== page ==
Do’s & Don’ts: Mind Your Manners in Your Marketing

Just like when you sit down at supper — you don’t start eating until everyone has sat down, received their order, or chew with your mouth open (a personal pet peeve of mine). In marketing and design, if you have good manners, not only will you show your audience respect, but you connect and attract more business. So when it comes to your marketing manners, here are a few do’s and don’ts.

The Don’ts

Don’t Trash Talk

Don’t trash talk your competition. Being negative only makes you look trashy, whether on social media, in an email, or otherwise. You’ll gain more respect if you admit they’re a worthy opponent and turn the conversation back onto how you can help your customer. Here’s a great article by Colleen Francis on LinkedIn on redirecting the conversation if you’re in sales.

Don’t Be a Faker

We’ve all seen those social media accounts with 70,000 followers but only have 3 likes per post. Don’t buy your followers. Fake followers will be irrelevant to your product or service, are less likely to convert, and will skew your metrics. Organic followers and organically grown email lists will yield better results in the end because they are people who value your product or services.

Don’t Monopolize the Conversation

You know, we all have that one friend, who talks about their job, dog, the egg they had for breakfast that isn’t sitting well, their crazy exes, their mother or brother, latest schemes, and last vacation all in one breath. They only stop to breathe, and you can’t get a word in edgewise. Don’t be that friend. 

Yes, you need to promote your product or service, but it is about what pain point your product addresses and the problem your product solves. Show your audience how their life will be better with your product in it. Does that cup of herbal tea help them relax at the end of the night and make them a better mother after a good night’s sleep? Heck yeah, I want that tea!

Don’t Smother Your Audience

Sending an email reminding people of your 30% off sale every three days might sound like a good plan, but you can run the risk of repeating yourself so much you become spammy or get tuned out.

Give your audience a way to unsubscribe to your emails. You’re legally required to do this, by the way, but it’s also simply the right thing to do. Give your audience options for how often they want to hear from you. Is it once a month? Twice a month? Every week? Or what kind of content do they want from you?

Don’t Expect Your Market to Read Your Mind

Give your audience a clear call to action, whether it’s on your website, direct mail piece, catalog, or email newsletter. Tell them what to do next. Should they call to place an order? Where can they find more information? The headspace example below works because  you know what the offer is — “Get 30% off” and the simple subscribe button tells you how and what to do next.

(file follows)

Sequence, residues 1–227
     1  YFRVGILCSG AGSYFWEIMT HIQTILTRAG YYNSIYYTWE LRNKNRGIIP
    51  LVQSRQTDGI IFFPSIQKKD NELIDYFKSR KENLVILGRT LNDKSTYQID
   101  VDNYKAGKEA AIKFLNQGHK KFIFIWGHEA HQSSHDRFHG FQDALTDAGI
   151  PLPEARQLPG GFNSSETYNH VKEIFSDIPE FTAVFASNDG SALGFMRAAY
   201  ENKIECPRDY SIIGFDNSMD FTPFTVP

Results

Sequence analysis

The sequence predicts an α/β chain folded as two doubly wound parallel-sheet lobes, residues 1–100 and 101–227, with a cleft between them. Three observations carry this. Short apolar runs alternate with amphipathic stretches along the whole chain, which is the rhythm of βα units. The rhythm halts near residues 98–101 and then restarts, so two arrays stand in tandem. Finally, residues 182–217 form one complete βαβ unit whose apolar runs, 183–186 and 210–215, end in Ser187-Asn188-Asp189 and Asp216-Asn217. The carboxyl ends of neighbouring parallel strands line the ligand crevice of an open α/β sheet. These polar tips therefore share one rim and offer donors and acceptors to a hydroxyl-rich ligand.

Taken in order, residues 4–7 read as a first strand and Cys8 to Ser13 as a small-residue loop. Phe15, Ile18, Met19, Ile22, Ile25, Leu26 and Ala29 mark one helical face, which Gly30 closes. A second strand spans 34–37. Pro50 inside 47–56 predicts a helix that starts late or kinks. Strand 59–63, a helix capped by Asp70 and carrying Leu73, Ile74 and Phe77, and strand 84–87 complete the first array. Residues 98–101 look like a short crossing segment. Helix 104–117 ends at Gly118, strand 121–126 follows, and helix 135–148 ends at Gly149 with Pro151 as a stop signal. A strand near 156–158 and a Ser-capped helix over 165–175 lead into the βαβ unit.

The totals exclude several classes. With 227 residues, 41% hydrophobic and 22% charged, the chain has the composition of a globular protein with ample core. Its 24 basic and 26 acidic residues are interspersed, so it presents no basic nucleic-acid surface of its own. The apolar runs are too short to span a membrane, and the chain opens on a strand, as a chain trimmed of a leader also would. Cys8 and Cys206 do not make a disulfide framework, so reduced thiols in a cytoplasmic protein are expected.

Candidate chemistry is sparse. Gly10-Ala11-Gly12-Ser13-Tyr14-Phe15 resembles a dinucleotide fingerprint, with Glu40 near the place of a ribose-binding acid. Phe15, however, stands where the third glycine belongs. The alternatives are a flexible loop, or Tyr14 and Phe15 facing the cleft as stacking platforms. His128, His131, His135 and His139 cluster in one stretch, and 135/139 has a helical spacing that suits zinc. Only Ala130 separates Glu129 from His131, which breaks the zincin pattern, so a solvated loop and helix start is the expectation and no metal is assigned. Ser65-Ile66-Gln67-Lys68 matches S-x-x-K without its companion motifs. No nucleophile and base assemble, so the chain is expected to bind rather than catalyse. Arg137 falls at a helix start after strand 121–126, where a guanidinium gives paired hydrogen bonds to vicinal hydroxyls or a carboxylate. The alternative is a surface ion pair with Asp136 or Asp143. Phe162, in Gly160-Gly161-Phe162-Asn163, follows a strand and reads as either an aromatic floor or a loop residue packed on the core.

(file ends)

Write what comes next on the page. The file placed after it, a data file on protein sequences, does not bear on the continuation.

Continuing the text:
Headspace Call to Action Example

The Do’s

Engage in Small Talk

Engage with customers on social media. If a customer comments or asks a question, respond promptly, usually within a day via email. Or on social, it can be sooner —depending on your audience, it may be an hour or 24 hours. Thank your customer for their purchase, like or share their post, or just ask how you can help.

Listen

You can also listen to your audience for problems they’re trying to solve. You can do this by touching base with your sales team. What was their last customer call like? Are there any new products on the market they’ve brought on? Or do they wish they had? Talk to your Customer Service team. What are they hearing from your current customers?

You can also set up listening streams for your social media streams to monitor essential words. Include your brand name, your industry, and your top competitors to see what people are saying. Below is how to set one up if you have a HubSpot and Twitter account.

 

Give Credit Where Credit is Due

If you’d like to share a photo on your social media channels, credit the source. And make sure any images and the artwork you’re using aren’t infringing on someone’s copyright. That meme may be used everywhere but is it someone else’s intellectual property? Read up on this article by Stephenson Law to learn more. Instead, make your own meme using stock photos you’ve purchased or your own assets, below is an example of a meme I made for Sashco a couple months back for their social channels.

Make Your Own Meme Example

Say Thank You

People don’t buy from brands; people buy from people. Say thank you with —

  • an insert when shipping a product. 
  • An email following an online purchase
  • When they reach achievement with your product (see the Hydrow example below)
  • Send them a birthday card or email
  • Offer after purchase discounts
  • Create a thank you video
  • Send a welcome gift or free sample

Showcase your customers: Sashco does a great job sharing contractor and homeowner projects on their log home side social media channels. Need more ideas? Check out this article from Shopify.

Hyrdrow Thank You Example

Be Honest

Don’t say your product does something it doesn’t. Your product should deliver on its’ promises. As the saying goes, it’s easy to lose trust and hard to gain it back.

Make It Personal

Know people’s names. Where appropriate, use people’s names in your email marketing or direct mail pieces to add a personal touch.

Keep Your Word

If you’re going to start a loyalty program, don’t do it half-a$$ed. I’ve worked in-house at companies where they are all gung-ho, and then they fall short when it comes to actually implementing the program. Two great loyalty programs are Hydrow and Aveda.

What do you think I left off the list? What would you add? Leave a comment below.

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